To my mind, one of the oddest slurs hurled against anyone is that he or she is a "do-gooder." Apparently our society has decided that it is a terrible thing to do good, although this is not what we tell our children.
Public prejudice against the "do-gooder" is enshrined in an unflattering dictionary definition --"A person who seeks to correct social ills in an idealistic, but usually impractical or superficial, way." This meaning reflects the understanding of an old proverb: "The road to hell is paved with good intentions."
That may be so. I have never actually been in hell -- I just remember high school algebra class.
But it occurs to me that the road to hell is more often paved with bad intentions or their close relations, which are indifference and/or arrogance. (If it's a Pennsylvania Department of Transportation project, potholes may also be built into the paving.)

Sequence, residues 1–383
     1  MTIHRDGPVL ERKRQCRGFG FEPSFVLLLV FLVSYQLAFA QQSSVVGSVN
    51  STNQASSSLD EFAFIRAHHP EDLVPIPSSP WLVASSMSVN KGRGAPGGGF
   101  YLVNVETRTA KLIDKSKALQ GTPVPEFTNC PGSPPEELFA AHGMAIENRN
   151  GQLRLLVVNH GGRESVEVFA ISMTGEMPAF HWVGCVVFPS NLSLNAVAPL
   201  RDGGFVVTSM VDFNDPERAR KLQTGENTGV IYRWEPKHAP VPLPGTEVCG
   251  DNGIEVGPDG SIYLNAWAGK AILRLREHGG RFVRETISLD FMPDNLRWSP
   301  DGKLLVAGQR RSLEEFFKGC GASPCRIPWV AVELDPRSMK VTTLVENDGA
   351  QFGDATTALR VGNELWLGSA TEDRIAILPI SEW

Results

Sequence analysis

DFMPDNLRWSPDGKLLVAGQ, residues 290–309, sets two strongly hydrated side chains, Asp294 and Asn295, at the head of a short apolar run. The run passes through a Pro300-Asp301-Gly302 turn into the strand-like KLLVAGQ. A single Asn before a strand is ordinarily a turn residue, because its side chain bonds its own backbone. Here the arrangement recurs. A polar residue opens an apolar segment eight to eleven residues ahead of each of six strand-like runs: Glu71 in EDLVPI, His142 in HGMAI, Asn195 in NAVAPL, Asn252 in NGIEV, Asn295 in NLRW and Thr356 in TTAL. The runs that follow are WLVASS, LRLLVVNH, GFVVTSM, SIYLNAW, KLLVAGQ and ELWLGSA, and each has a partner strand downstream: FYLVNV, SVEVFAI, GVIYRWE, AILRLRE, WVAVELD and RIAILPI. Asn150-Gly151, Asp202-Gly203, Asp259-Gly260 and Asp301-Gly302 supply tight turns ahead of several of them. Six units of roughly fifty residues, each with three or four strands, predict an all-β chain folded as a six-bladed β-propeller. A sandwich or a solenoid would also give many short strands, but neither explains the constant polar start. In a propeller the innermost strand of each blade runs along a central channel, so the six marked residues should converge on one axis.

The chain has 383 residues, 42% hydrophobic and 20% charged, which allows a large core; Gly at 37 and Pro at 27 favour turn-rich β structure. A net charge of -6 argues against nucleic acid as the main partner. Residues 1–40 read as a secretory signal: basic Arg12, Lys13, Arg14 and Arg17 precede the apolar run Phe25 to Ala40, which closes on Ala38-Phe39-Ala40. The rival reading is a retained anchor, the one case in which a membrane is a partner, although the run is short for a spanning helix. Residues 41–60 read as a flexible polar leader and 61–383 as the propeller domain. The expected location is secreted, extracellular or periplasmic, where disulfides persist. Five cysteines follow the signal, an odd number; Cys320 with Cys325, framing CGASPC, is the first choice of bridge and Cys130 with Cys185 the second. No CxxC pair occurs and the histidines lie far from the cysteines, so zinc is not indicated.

I reckon "do-bad-ers" with their hard hearts also help pave the road to hell, but it is only "bleeding hearts" that are seen as the problem. "Bleeding heart'' is a popular alternative epithet to "do-gooder."
Yes, bleeding hearts and do-gooders are a risible lot, annoying interferers in the tough, no-nonsense, practical-minded business of life. But I have to think that good intentions and pulsing hearts have also paved the road to heaven.
Sunday, January 28, 2007
Jeff of Psychosomatic Wit reproduces this column by Reg Henry, a columnist for the Pittsburgh Post Gazette. I've never heard of Henry before, but on the basis of this column, I may be keeping tabs on him in the future. Here's a sample: